Published October 2014: The Messenger – Faith: A Fresh Take
The Perfect Plan
On a daily basis, I catch myself repeating the word “perfect” over and over again. When a meeting or plan is finalized, I respond with “That’s perfect.” When my children leave in the morning with beds made and rooms ‘somewhat’ picked up, I tell them “That’s perfect.” As my students arrive on time for class or club meetings, I reiterate how “perfect” it is.
The reality, though, is that life is not perfect. In fact, it’s far from perfect. Perfect implies that there is no room for improvement, that we have reached the top in our goals and that all is right and well with the world. Sadly, it’s not. Too many people wake up and go to bed each night without any food, nourishment or even water. Our streets are riddled with crime and greed. Some are suffering physically and mentally without family or community support systems, compassion for others is at an all-time low in many communities and the idea of entitlement and the “me” philosophy is running rampant.
Life is not perfect, we are not perfect and our faith has not been perfected yet.
Closer to home, our thoughts, actions and even parenting styles are imperfect. I know first hand because I am an imperfect parent. I hover when my teenagers need their space, I nag them continuously to clean up after themselves and I lose my cool when attitudes flare. We don’t make enough time for each other, enjoy enough quality conversations over dinner and strive for enough times of reflection and prayer.
Imperfections are a part of life. Injustices are a part of life. Disappointments are a part of life.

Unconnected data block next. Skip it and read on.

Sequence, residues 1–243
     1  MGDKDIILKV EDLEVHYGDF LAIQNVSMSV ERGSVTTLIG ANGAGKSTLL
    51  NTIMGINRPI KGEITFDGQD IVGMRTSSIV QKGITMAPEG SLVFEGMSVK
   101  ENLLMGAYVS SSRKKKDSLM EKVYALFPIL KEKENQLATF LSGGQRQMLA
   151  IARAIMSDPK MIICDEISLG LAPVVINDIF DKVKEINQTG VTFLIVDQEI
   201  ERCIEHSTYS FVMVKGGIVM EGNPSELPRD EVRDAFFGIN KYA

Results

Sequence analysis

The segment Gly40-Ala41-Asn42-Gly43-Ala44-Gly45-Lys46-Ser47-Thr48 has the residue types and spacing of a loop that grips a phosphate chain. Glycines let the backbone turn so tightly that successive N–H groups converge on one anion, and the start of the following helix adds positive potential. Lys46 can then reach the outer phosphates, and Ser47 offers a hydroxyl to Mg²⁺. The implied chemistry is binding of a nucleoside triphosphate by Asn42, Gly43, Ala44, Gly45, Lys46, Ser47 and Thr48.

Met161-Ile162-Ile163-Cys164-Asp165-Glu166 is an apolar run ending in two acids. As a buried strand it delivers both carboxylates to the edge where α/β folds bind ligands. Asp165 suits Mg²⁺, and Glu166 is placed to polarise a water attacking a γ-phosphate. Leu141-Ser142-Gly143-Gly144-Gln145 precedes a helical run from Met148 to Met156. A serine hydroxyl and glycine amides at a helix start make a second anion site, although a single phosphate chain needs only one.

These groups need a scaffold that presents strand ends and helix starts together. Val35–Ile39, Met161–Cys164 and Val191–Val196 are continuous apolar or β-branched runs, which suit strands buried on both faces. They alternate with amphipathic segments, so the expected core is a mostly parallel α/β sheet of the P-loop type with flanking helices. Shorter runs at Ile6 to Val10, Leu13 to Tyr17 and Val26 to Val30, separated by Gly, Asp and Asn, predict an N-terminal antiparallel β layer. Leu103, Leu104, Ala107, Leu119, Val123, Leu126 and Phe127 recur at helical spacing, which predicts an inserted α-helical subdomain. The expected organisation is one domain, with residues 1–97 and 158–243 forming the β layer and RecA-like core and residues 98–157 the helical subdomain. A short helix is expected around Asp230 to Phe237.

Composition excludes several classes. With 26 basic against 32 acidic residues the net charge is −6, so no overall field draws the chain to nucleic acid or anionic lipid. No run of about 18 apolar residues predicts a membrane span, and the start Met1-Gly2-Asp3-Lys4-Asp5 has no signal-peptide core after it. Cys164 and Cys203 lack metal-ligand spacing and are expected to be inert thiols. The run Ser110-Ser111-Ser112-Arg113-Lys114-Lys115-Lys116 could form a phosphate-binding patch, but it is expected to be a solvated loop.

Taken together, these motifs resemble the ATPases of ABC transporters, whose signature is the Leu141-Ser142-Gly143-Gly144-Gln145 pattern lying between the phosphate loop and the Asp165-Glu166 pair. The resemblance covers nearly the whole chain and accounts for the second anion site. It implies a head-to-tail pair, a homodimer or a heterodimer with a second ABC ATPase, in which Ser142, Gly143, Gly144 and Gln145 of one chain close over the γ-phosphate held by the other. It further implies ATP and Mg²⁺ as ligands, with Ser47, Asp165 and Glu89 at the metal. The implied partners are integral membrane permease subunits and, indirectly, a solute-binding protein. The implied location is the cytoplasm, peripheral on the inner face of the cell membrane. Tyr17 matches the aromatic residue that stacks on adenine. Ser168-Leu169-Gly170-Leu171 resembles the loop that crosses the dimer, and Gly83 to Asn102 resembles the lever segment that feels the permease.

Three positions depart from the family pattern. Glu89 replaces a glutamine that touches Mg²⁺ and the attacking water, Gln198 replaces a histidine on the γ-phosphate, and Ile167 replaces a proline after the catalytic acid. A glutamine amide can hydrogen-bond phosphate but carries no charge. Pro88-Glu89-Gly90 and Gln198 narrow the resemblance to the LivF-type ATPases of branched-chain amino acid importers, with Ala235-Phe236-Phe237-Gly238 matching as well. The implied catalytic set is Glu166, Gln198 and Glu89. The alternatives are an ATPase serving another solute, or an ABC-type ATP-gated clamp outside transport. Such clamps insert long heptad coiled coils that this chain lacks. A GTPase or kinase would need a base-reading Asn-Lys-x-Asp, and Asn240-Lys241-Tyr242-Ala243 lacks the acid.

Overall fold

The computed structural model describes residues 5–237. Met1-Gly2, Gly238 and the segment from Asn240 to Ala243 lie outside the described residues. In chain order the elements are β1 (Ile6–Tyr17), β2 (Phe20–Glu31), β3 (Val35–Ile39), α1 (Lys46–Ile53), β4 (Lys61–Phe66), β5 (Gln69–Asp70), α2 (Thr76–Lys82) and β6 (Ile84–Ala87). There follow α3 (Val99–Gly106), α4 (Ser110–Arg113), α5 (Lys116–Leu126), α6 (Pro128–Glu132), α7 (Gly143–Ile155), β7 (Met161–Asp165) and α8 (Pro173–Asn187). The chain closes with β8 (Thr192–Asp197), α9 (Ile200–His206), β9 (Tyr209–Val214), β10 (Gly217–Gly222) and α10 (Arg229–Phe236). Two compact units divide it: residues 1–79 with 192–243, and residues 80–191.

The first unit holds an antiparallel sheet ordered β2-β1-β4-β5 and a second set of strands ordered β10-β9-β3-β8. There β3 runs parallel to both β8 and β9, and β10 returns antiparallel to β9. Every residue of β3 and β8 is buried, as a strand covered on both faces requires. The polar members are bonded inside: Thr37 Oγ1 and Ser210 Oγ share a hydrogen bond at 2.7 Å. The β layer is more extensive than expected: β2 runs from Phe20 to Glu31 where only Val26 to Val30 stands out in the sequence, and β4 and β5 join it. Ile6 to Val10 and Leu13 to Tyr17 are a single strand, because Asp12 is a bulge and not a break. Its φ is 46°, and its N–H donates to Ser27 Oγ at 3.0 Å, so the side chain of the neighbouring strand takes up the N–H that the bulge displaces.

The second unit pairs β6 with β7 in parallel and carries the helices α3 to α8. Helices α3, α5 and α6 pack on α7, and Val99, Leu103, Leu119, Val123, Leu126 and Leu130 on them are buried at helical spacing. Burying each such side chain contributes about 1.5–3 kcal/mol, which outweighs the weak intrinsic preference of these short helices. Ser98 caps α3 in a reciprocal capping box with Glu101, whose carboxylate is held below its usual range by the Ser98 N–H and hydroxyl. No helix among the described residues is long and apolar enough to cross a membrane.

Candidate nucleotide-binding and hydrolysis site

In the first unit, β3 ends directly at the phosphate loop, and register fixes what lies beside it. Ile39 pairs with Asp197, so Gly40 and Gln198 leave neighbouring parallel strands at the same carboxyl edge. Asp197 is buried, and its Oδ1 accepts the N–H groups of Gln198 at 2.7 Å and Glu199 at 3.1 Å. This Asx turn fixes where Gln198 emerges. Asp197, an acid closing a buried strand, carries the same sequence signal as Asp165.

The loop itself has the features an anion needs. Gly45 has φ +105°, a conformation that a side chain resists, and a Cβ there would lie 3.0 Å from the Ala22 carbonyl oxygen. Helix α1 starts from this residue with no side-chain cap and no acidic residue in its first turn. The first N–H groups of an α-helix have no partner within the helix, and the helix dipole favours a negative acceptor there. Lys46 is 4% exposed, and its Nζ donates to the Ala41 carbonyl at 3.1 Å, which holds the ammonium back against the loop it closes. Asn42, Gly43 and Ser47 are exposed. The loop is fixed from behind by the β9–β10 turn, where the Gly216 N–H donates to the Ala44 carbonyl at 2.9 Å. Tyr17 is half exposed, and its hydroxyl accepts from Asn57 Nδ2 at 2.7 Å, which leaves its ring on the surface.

For me, the key to a life full of “perfect” moments is to recognize that life doesn’t have to be perfect. We need to embrace our imperfections to learn how to improve ourselves – both through our actions and our thoughts.
Instead of beating myself up over how I handled a disagreement with my daughter, I need to focus less on how my parenting needs to be “perfect” and more on how I can improve those imperfections and make amends. Admitting wrongdoing and showing your human side promotes genuine, honest effort toward working on yourself. I need to share my own faults with my children so they can see that I’m not “perfect” nor should I be “perfect.” I need to use these imperfect moments as a means to work on relationships, work performance and household issues.
Trying to maintain a perfect life, household, family and career is exhausting. And, it’s unrealistic. Our faith teaches us that even those we worship the most faltered, picked themselves up and worked toward peace and unity on behalf of all people. Maybe, if we focus more on trusting our faith and trusting God’s guidance to help us work through those imperfections, we can accept ourselves as imperfect people striving toward a better – not perfect – existence.
In my opinion, that plan of action, is perfect.
— Shannon Philpott